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Definition of Organizational Culture and Post-Acquisition Changes in Management

Introduction

Organizational culture denotes values, principles, and convictions that people in a given company share. It determines the level of an organization’s success. Since the majority of workers spend about forty hours at their place of work each week, the organizational culture strongly influences not just their work lives but also personal responsibilities.

Main body

A joint organizational culture assists in creating unity among workers from diverse backgrounds, nationalities, and religious beliefs. Leaders have a crucial role to play in the creation and maintenance of organizational culture (Jordão, Souza, & Avelar, 2014). A profoundly entrenched and established culture controls the behavior of employees and helps them to realize the set objectives. This, consequently, results in increased job satisfaction when workers feel that leaders are assisting them in improving their performance. In this aspect, it is evident that leadership, organizational culture, and job satisfaction are strongly related.

When workers identify themselves as a crucial element of organizational culture, they are zealous in making their organization successful. They develop a great sense of achievement for being part of a company that they value, which makes them work hard devoid of coercion (Dodge, Dwyer, Witzeman, Neylon, & Taylor, 2017). Healthy competition among workers is an outcome of a collective organizational culture that leaders should uphold. This makes workers put efforts into achieving exemplary performance in order to be recognized, appreciated, or rewarded by the management.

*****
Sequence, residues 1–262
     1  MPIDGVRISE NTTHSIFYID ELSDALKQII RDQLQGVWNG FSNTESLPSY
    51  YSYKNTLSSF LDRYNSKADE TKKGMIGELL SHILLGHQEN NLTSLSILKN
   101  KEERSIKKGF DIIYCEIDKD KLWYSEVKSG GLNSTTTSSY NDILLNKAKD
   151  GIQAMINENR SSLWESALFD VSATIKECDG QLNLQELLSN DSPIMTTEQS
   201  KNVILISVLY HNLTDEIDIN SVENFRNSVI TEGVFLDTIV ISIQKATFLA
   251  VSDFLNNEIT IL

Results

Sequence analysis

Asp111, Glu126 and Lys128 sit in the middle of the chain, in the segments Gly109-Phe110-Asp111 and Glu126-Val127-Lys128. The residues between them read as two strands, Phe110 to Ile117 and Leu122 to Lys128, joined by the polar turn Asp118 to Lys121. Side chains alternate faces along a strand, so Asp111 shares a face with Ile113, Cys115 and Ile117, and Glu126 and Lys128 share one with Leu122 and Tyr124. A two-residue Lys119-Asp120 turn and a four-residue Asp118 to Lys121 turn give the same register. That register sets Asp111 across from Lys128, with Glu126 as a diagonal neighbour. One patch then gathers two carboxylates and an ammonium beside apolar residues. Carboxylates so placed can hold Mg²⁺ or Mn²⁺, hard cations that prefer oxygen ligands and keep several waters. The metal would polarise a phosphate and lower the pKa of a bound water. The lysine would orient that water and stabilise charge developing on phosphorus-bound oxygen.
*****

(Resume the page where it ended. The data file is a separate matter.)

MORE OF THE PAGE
Conclusion

Such competition boosts organizational performance thus making the organization thrive (Ashikali & Groeneveld, 2015). A strong organizational culture gives organizations a competitive advantage in the market and makes them outstanding. The values and attributes of organizational culture are responsible for creating a brand image by which an organization becomes identified and reputed.

References

Ashikali, T., & Groeneveld, S. (2015). Diversity management in public organizations and its effect on employees’ affective commitment: The role of transformational leadership and the inclusiveness of the organizational culture. Review of Public Personnel Administration, 35(2), 146-168. Web.

Dodge, R., Dwyer, J., Witzeman, S., Neylon, S., & Taylor, S. (2017). The role of leadership in innovation: A quantitative analysis of a large data set examines the relationship between organizational culture, leadership behaviors, and innovativeness. Research-Technology Management, 60(3), 22-29. Web.

Jordão, R. V. D., Souza, A. A., & Avelar, E. A. (2014). Organizational culture and post-acquisition changes in management control systems: An analysis of a successful Brazilian case. Journal of Business Research, 67(4), 542-549. Web.